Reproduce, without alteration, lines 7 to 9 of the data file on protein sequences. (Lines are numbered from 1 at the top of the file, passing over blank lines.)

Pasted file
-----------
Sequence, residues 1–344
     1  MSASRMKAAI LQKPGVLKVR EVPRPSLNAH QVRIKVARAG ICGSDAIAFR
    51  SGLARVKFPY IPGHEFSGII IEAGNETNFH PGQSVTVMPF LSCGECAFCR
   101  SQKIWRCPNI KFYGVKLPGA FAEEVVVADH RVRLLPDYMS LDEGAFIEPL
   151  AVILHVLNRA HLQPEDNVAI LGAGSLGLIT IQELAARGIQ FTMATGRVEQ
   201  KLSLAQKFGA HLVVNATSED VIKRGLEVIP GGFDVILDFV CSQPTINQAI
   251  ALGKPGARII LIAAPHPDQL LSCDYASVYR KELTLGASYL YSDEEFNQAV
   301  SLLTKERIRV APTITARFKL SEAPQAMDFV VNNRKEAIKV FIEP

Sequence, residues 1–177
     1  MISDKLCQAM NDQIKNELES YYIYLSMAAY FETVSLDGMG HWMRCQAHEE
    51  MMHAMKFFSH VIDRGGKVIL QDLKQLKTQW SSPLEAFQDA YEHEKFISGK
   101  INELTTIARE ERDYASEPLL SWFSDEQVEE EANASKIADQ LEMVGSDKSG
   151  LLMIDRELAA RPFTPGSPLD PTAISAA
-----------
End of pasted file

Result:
   251  ALGKPGARII LIAAPHPDQL LSCDYASVYR KELTLGASYL YSDEEFNQAV
   301  SLLTKERIRV APTITARFKL SEAPQAMDFV VNNRKEAIKV FIEP

Sequence, residues 1–177